Welcome! Since I write two English mystery series, I thought it would be fun to chat about that. And about England. Specifically, Derbyshire, since that is the county I know the best. If you have questions about my books, about mysteries or your own writing, or want to know something about England -- perhaps you're planning a visit -- I'd love to talk with you. Let's start chatting, shall we?
Monday, November 8, 2010
Still We Persist
Who would have thought it possible a while ago? Certainly not I...which may be why I'm writing this goofy thing. Book three for McLaren is really, honestly, truly, amazingly on a roll. This after several 'pauses' for book talks at various places, Esther's latest visit (don't get me wrong -- I love having company, but it does void one's writing time) and little interruptions like teaching the mystery writing class, cleaning house et al. Of course, my first draft starts are always shaky. Even though I have the basic plot outlined, the characters named and personified, the subplot more or less complete...still, I don't know my characters all that well and I don't know exactly how the tale will unfold. It's slow going, agonizingly brain busting, and frustrating. Though I always set goals for myself -- the first dozen pages written, the first twenty-five pages written, the first fifty -- it is sometimes quite a while before I reach those goals. So, imagine my relief and excitement when today I surpassed page 100. My hero, Golden-age mystery writer Ngaio Marsh, used to have a goal of finishing 1,000 words a day. She wrote sitting in an upholstered chair (I got to sit in it when I visited her house in New Zealand), writing long hand with a fountain pen. Now, 1,000 words may not seem all that much if you realize that an average typed page of manuscript, double-spaced (I write double-spaced so that I can hand write my corrections in between the lines when I print out the first draft) is about 250 words. So, maybe a single-spaced page is 400 words, let's say. So that's three pages. Of course, I don't know the size of Ngaio's writing book -- I believe it was one of those large folders that held equally large pages. So she may have written more than three pages a night. Still, 1,000 words is nothing to sneeze at. Especially when you know that she hardly ever went back to rewrite her work -- it was more or less perfect when she wrote it. Anyway, some days I'm doing good to write one page. Even with one page, you figure that's 365 pages in a year and that is a nice-sized book.... So, even though it's taken me three weeks to write one hundred pages, I feel good about it all. The book is rolling, as I said; the characters are talking to me and to each other; McLaren is hot on the trail and I think I have all the firefighting info I need. I had doubts at the beginning of this book if I'd really chosen a subject I could write about, it so foreign to me and to anything previously in Taylor & Graham or McLaren. But I don't believe Torch Song will be mine or McLaren's Swan Song after all. Good news for any fans of McLaren out there.... And for me, 'cause it's fun to write about McLaren.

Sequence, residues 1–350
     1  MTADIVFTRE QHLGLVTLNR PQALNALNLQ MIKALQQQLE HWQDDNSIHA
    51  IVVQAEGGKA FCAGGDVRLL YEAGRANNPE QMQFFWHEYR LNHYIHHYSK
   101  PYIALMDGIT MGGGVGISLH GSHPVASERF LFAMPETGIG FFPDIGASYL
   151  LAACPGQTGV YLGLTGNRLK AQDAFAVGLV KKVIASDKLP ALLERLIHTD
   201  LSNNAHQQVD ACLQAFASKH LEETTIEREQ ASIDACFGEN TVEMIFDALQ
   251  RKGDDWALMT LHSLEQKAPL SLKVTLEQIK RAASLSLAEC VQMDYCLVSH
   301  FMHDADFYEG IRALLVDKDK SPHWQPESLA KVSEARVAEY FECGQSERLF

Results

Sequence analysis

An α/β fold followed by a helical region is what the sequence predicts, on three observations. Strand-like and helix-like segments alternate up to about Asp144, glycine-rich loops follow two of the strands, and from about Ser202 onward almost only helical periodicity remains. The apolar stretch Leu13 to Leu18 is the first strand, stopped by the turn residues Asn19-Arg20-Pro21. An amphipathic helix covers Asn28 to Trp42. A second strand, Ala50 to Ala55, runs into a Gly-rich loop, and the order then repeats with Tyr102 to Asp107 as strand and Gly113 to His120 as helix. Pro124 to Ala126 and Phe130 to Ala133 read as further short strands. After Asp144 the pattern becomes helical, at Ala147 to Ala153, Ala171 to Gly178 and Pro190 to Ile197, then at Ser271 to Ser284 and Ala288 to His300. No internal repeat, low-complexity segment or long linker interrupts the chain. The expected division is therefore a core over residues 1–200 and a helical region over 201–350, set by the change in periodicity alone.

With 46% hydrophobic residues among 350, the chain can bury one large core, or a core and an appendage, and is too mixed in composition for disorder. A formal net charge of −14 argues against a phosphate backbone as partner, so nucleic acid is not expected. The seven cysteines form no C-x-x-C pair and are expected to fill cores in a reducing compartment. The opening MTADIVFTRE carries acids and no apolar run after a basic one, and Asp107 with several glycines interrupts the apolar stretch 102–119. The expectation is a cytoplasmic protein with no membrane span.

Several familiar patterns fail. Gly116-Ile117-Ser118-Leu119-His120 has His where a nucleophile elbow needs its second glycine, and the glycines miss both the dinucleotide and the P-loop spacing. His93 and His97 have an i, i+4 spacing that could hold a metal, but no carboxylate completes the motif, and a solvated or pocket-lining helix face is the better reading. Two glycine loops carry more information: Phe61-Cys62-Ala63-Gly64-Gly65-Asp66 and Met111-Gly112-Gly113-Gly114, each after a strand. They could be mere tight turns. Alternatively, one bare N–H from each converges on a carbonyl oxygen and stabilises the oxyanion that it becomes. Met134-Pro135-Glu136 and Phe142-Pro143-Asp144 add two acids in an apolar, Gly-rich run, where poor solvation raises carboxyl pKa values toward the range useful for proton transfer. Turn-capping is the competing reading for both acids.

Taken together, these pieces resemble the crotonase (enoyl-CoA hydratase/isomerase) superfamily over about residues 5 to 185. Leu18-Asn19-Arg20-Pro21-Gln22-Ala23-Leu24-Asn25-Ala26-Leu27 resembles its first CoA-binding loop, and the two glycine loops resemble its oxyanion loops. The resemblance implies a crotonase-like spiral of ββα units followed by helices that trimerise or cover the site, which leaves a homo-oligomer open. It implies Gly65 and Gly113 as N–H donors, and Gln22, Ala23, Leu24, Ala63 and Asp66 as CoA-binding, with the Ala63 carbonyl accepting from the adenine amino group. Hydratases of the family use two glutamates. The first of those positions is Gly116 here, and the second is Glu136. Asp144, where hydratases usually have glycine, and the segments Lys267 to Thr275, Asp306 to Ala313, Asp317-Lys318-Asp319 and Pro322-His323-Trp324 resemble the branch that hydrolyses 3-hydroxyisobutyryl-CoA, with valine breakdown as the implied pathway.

I discovered the joys of Things British while on a month-long trip to England during my college years. Since then, I've been lured back nearly a dozen times, and lived there during my professional folksinging stint. This intimate knowledge of England forms the backbone of both of my Taylor & Graham and The McLaren Case mystery series. Set in Derbyshire, England, the Taylor & Graham series employs British customs as the backbone of each book’s plot. The McLaren Cases features ex-police detective Michael McLaren, who now investigates cold cases on his own. I am a member of Sisters in Crime, and Mystery Writers of America.